Hand-feeding might sound like a good idea in fairy tales and movies with SGI, but in real life, it doesn’t work that way. If you feed your snake by hand, they’re going to start attributing your hand with food, and one day, they might get too excited and try to take a bit out of you instead of the mouse.

If you just place the mouse at the opposite end of the enclosure from your snake every time, then you can be pretty positive that your fingers aren’t on the menu. Here, you can find an article we wrote all about how to feed your ball python in the correct way. We even include the schedule of when to feed it, along with other tips.

Easy Does It

Always approach your snake slowly. If you go too fast, they’re going to think that you’re attacking them, and they’ll strike back.

When you do pick up your snake, handle it gently. Don’t squeeze it or restrict its movements. You want your snake to feel relaxed in your hands. Let them slither a little and allow them to explore. They’ll enjoy the exercise, and happy snakes just don’t bite people.

Don’t Handle Your Snake Right After a Feed or When They’re Shedding

Have you ever had somebody give you a bear hug after a big meal? Perhaps your great-aunt Becky has a nasty habit of doing just that right after Thanksgiving dinner? It hurts, doesn’t it? Kind of makes you want to hurl? Well, that’s how a snake feels when you hold it right after it’s eaten.

The same thing applies when your snake is mid-shed. Imagine you’ve just received the sunburn to trump all sunburns, and then there’s Great-Aunt Becky again, ready for her once a year hug. Just the thought makes me shiver in sympathetic pain. Like I said, just don’t do it.

Never French Kiss a Ball Python

A snake’s mouth is probably the most complex thing about a snake. The upper jaw bone is called the maxilla bone, and the lower jaw bone is called the mandible.

The mandible is split right down the middle, so technically it is made up of two bones. This allows the snake’s mouth to widen slightly when it eats, since it swallows its prey whole.

In a non-venomous snake, like a ball python, there are four rows of teeth lining the maxilla bone. There are two rows set in the outer, maxilliary, section of the maxilla bone, and two rows set in the inner bones. Those bones are called palatine and pterygoid bones.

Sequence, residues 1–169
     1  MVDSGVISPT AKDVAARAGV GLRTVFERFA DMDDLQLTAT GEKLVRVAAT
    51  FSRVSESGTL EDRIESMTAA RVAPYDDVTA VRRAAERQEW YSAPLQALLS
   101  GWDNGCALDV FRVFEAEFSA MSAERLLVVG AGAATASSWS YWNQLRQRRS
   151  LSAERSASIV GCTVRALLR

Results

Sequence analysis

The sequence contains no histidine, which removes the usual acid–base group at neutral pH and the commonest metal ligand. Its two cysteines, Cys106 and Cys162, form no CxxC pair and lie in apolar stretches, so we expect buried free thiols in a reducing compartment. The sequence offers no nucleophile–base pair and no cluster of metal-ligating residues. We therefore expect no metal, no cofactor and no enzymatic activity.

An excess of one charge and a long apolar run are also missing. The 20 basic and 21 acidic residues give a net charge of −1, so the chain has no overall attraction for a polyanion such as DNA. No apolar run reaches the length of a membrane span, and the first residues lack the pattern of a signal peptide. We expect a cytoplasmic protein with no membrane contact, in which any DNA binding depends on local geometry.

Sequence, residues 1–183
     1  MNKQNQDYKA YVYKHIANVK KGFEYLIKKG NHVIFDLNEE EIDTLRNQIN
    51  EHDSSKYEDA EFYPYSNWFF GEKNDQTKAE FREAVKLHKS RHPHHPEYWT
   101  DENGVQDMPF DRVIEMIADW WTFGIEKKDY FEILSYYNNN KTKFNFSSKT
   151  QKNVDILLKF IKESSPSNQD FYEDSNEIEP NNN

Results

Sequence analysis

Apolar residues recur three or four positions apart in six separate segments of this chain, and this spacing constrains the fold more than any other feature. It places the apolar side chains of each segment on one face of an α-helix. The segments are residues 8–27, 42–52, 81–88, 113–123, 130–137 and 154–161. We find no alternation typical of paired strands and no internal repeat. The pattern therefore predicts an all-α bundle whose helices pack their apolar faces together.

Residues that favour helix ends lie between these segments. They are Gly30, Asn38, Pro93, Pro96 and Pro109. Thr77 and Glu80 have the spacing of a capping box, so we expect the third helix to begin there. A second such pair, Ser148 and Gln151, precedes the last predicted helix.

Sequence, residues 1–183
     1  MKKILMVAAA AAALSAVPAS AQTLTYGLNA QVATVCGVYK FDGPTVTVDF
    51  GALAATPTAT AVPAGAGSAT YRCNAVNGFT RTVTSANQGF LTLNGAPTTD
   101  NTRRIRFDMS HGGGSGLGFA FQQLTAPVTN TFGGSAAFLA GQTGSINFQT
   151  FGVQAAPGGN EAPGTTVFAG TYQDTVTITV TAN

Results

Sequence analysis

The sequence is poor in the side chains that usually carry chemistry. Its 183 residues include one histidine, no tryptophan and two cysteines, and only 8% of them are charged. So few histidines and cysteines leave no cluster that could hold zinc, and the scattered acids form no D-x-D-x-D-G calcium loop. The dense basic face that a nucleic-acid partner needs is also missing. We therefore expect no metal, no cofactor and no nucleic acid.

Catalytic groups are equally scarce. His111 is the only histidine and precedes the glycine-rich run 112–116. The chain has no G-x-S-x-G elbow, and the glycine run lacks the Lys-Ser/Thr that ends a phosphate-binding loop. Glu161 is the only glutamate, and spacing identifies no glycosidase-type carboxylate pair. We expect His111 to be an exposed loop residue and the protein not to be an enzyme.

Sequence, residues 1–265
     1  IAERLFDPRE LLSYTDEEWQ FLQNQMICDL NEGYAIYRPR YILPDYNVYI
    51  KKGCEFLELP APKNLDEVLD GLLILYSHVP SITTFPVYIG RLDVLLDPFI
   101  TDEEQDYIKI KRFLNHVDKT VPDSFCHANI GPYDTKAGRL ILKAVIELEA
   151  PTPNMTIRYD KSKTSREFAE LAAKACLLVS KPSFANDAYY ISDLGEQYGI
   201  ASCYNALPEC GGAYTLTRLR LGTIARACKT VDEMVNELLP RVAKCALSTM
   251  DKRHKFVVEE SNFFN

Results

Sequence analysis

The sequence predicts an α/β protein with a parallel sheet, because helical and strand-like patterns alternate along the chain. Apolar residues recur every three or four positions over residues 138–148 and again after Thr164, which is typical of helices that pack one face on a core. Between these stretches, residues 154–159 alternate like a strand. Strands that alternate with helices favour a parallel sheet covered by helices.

In a venomous snake, these upper rows of teeth are replaced by fangs. The fangs can either be in the front of the mouth, like in a rattlesnake, or the fangs can be in the back of the mouth, like in a boomslang snake.

The teeth are angled inwards, towards the snake’s throat, much like the teeth of a great white shark. This is to prevent their prey from escaping. When snakes sink their teeth into their prey, the prey can try to escape by wiggling out backward, but that only makes the teeth of the snake sink further and further into the prey’s skin.

All snakes have two rows of teeth on the bottom of their jaw, lining the mandible. Each section of the mandible gets one row of teeth.

Only venomous snakes have the classic, terrifying fangs. Snakes that aren’t poisonous, like ball pythons, just have normal teeth, although those teeth are still extremely sharp because they don’t have the wonderful benefit of forks and knives to slice their food for them, and have to do all the work “on site,” so to speak.

Is it common?

Ball pythons are commonly considered among the best snake breeds to keep as pets.

First of all, they aren’t venomous, which makes getting bit so much simpler. They are typically mild-mannered and difficult to antagonize. They adapt well and seem to appear to actually enjoy being held, something that most snakes aren’t as fond of.

If they do attack, they usually strike with a closed mouth, since they don’t have fangs. Being bit by a ball python is just about as rare as clean dishes in a college dorm kitchen.

Venomous Snake Bites